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Nonlinear Coupled Hydrostatics of Floating Conical Platforms

[+] Author Affiliations
Oddgeir Dalane, Finn Faye Knutsen, Sveinung Lo̸set

Norwegian University of Science and Technology (NTNU), Trondheim, Norway

Paper No. OMAE2009-80018, pp. 793-802; 10 pages
doi:10.1115/OMAE2009-80018
From:
  • ASME 2009 28th International Conference on Ocean, Offshore and Arctic Engineering
  • Volume 1: Offshore Technology
  • Honolulu, Hawaii, USA, May 31–June 5, 2009
  • Conference Sponsors: Ocean, Offshore and Arctic Engineering Division
  • ISBN: 978-0-7918-4341-3 | eISBN: 978-0-7918-3844-0
  • Copyright © 2009 by ASME

abstract

The increased exploration of deeper Arctic waters motivates the designs of new floating structures to operate under harsh Arctic conditions. Based on several model tests and investigations, structures with conical sections at the waterline have been shown to be a good design for waters where drifting ice is present, because the approaching ice fails in bending which induces smaller loads than crushing failure. However, in most Arctic waters ice features are only present parts of the year and a large portion of the operation time of these structures will be in open water. Therefore, the floating structures must perform well in both these conditions. Conical sections at the waterline will induce nonlinear coupling in the hydrostatic restoring forces and moments. It is important to understand how this affects the behaviour in both ice and open water conditions. In order to investigate the nonlinear coupled hydrostatic restoring forces, an exact analytic expression for the metacentric height of a regular cone is presented. This is further derived to a frustum cone that can be used to develop an exact analytic expression for the hydrostatic restoring forces and moments for any conical body. A platform of the shallow draught-type is used as a basis for the discussion and the effect of the coupled nonlinear restoring forces is illustrated by two-degrees-of-freedom (2DOF) pitch-heave time domain simulations.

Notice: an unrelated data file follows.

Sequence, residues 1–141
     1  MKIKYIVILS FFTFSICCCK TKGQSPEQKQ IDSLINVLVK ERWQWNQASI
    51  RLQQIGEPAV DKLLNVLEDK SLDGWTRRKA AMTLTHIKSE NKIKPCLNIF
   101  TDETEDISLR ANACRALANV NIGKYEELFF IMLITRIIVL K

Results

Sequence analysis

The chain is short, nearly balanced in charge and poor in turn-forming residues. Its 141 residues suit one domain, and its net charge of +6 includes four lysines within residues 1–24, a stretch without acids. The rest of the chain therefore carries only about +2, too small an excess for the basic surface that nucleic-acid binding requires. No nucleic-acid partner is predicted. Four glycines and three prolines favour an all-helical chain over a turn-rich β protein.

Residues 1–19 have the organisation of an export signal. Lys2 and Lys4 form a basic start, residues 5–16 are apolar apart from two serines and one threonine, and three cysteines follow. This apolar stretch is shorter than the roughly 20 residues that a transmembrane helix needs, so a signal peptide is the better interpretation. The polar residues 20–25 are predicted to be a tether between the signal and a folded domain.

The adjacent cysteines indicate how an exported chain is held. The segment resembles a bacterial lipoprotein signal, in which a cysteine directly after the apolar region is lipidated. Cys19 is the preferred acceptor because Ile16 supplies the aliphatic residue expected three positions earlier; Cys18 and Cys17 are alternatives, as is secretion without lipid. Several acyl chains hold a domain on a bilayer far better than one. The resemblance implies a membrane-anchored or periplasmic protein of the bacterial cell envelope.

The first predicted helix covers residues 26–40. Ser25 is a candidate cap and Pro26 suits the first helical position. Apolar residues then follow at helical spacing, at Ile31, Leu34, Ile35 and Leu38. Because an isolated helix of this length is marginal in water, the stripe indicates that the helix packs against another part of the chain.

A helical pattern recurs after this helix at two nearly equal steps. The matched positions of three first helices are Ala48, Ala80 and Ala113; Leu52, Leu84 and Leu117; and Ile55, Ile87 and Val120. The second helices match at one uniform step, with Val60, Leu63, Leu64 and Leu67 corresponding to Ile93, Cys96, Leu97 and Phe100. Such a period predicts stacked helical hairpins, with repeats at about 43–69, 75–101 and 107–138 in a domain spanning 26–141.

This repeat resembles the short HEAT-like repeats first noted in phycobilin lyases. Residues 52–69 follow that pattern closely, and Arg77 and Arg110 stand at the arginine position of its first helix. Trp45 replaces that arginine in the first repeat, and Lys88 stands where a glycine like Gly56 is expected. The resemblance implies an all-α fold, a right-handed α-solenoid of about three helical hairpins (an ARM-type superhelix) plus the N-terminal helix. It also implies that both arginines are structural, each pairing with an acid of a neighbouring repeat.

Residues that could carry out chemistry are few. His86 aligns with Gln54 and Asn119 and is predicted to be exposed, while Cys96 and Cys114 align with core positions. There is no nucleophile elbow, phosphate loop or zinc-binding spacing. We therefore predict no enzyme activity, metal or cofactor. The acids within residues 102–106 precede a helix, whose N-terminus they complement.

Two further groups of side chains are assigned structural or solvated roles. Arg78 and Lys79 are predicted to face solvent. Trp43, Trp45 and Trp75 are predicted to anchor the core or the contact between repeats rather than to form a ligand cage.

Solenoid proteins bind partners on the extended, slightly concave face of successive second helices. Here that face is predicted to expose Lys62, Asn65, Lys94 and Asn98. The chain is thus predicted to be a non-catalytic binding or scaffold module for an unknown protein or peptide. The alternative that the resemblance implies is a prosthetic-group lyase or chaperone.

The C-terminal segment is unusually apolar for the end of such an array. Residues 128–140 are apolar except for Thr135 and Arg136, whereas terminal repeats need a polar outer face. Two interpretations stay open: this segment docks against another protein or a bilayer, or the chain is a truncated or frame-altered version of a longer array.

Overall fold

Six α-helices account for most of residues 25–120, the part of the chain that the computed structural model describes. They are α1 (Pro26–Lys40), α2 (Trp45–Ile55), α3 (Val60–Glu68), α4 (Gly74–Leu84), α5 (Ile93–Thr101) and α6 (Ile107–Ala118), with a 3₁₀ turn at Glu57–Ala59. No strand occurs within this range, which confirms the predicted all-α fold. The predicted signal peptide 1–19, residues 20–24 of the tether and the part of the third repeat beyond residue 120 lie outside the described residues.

Copyright © 2009 by ASME
Topics: Hydrostatics

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